People often ask me ‘How did you end up here?’ Here being England.
The short answer is that I married a British man I met while a student in London in the mid-2000s. The long answer is that my eventual move here has been a long time in the making. I’ve had an interest in, dare I say love of, these isles since I was a very young girl that stayed with me into my teens and young adulthood. It’s what drove me to study in London and what has led me to this current chapter living in a victorian terraced house in Tunbridge Wells with our half-American / half-British little boy.
At about three years old, when my memories begin, I became convinced that I was somehow a princess. On any given day, I was either a Queen or a Princess, and my parents indulged this, as they did with the other aspects of my very active imagination. One evening, my dad decided to interview me on his giant black 1980s camcorder. We got into a discussion about who I was going to marry, which was an extremely serious question for a three year old and caused me a bit of angst as I didn’t think I could marry my older brother since he seemed rather busy trying to become a fighter pilot. Anxiety levels were high and, in trying to avoid a meltdown, my dad casually suggested maybe I could marry Prince William. I asked, ‘Does he have a mommy?’ To which he responded, ‘Yes, she’s the Princess of Wales.’ Which obviously led me to believe that she was a Princess of WHALES and rode the seas on the backs of two Dolphins. This sounded intriguing and so from about three years old I was not only Royal but apparently going to marry into the British royal family.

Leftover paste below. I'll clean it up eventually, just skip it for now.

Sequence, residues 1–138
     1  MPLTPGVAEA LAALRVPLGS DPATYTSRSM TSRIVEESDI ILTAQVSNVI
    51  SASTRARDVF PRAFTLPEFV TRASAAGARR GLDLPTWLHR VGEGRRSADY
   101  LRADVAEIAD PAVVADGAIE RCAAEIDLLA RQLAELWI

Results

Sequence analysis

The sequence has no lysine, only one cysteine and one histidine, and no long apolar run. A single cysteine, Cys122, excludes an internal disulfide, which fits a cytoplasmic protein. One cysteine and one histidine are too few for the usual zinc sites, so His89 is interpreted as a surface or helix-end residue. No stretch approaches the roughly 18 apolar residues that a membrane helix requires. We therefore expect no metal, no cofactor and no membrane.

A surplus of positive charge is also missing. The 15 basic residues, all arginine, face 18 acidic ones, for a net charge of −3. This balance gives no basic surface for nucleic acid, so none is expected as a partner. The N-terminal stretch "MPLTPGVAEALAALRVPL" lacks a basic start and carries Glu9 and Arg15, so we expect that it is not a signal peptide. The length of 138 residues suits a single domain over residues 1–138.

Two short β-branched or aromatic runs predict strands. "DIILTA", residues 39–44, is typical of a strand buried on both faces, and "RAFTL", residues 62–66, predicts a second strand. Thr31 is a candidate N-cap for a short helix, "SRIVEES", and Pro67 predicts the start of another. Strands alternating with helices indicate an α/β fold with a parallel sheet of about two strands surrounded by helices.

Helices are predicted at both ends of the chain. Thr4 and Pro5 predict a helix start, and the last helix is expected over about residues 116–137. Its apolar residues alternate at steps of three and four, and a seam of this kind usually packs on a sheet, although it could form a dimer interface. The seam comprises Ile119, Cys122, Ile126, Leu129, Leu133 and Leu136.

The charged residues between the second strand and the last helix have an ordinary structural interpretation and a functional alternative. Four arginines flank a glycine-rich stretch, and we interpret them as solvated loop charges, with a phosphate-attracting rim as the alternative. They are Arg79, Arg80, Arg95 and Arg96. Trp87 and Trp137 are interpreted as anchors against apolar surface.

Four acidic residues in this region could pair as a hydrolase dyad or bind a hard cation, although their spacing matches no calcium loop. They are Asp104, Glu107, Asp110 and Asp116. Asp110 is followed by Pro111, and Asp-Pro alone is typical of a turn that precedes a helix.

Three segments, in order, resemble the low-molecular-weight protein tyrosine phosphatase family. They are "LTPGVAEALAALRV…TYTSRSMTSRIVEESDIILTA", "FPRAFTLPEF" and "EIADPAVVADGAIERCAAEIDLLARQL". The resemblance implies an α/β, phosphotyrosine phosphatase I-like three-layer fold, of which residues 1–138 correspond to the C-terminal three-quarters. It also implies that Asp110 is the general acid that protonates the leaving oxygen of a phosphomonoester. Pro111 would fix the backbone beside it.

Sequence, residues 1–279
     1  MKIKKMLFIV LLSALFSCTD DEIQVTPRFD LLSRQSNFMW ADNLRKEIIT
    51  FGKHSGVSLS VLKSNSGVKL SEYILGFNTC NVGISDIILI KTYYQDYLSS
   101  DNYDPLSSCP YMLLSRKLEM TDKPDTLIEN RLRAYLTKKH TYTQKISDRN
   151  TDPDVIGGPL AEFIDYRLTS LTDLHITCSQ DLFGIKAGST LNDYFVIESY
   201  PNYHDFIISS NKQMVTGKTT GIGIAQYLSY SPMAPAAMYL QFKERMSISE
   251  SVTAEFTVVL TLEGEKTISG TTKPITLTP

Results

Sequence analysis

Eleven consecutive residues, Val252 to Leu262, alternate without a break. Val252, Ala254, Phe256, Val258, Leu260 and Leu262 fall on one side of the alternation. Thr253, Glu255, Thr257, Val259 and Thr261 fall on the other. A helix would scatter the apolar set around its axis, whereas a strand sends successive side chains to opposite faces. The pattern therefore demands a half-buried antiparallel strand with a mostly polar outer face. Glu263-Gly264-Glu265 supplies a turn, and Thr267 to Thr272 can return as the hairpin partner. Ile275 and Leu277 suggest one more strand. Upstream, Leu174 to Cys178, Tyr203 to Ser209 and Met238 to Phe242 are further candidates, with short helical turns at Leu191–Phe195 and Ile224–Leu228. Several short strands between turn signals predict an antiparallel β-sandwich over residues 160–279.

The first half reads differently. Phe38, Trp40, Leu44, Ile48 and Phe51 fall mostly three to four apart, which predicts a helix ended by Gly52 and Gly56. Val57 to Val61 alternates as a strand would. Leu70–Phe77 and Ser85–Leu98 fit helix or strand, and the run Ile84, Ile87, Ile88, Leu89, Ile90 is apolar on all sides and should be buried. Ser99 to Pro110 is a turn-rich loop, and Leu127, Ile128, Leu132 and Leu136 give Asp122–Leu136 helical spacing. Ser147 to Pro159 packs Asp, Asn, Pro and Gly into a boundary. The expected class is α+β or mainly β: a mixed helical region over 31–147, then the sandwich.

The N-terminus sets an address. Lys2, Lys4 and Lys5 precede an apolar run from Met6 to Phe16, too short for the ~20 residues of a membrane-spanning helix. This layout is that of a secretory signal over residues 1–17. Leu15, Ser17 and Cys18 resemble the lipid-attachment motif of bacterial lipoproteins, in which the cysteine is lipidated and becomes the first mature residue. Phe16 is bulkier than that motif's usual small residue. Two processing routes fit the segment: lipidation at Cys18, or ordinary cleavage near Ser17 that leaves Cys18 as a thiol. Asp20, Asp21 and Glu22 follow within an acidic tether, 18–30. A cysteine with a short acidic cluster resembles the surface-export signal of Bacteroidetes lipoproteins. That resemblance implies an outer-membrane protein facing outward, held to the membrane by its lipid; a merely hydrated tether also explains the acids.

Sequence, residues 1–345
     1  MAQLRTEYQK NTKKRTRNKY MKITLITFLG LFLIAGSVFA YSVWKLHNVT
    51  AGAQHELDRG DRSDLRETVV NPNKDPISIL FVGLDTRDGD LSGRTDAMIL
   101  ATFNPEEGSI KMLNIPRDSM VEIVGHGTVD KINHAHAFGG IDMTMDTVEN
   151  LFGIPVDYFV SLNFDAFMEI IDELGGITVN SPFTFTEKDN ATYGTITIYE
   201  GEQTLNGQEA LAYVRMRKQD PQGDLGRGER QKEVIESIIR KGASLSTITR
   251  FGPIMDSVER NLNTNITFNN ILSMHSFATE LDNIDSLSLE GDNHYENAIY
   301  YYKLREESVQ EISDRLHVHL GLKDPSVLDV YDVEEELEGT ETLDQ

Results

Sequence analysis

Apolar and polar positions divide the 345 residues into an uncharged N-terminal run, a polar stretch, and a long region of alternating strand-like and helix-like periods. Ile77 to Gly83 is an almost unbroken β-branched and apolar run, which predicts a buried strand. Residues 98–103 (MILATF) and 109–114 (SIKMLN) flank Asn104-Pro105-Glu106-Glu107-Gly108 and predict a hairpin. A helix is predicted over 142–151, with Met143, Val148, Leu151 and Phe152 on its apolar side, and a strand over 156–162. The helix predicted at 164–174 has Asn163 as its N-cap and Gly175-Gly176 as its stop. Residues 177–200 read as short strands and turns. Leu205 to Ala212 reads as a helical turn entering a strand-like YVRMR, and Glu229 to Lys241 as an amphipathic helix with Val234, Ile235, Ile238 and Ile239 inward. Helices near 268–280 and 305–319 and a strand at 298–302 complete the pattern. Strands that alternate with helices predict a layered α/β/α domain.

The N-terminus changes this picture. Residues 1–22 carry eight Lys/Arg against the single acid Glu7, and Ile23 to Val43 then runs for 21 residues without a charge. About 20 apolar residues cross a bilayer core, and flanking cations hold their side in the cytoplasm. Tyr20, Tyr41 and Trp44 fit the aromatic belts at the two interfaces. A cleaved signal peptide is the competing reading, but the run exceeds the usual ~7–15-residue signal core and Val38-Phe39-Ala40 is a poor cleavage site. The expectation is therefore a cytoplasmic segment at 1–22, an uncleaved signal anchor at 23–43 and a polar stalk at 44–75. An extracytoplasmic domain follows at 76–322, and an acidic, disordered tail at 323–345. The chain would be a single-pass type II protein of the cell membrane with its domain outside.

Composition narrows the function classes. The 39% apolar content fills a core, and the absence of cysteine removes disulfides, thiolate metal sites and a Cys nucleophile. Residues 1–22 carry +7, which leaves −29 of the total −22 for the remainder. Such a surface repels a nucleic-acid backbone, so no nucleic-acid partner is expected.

As I grew into an older little girl, I perked up anytime there was something mentioned about my future family on the news but also started to become interested in wider British culture. In 1996, the Spice Girls released Spice World and I was completely hooked, like any good preteen girl. For my birthday that summer, I got the CD as a gift from my mom and had a Spice Girls / Strictly Ballroom (the movie) themed birthday party. I didn’t have many friends around this time, and maybe the aforementioned sheds light on why that might have been. I don’t think any of the girls who came to that party read this, but thank you for being my friend during a very awkward and lonely period in my life. I continued to follow the Spice Girls throughout the nineties and thought that London seemed like an especially cool place as portrayed in ‘Spice World’ and British people really wore fantastic clothes! In case you are wondering, I always identified with Baby Spice.
In August 1997, I remember exactly where I was when I learned Princess Diana had died. I was 12 years old and we were at our family’s beach house in Delaware. I came downstairs to the smell of my dad cooking breakfast, the warm summer sea breeze drifting through the house, and the radio on. My father was visibly shocked and broke the news. Like most Americans, I grew up enamoured with Princess Diana and felt very, very sad that day. Later, I got up at 3:00am by myself and watched her funeral on TV.
By this point, I was ready to be in the UK. I was soaking up all I could about the history, the culture, and, of course, my future husband. I bought books in the preteen section of the book store about Prince William – what his school days at Eton were like, what sports he enjoyed. I had a diary where I wrote how much I loved him. The other girls in class were all huge fans of Leonardo DiCaprio and N’SYNC and surreptitiously passed around picture books of them during class, but not me. No one shared my love of the young Prince, and I was glad not to have competition.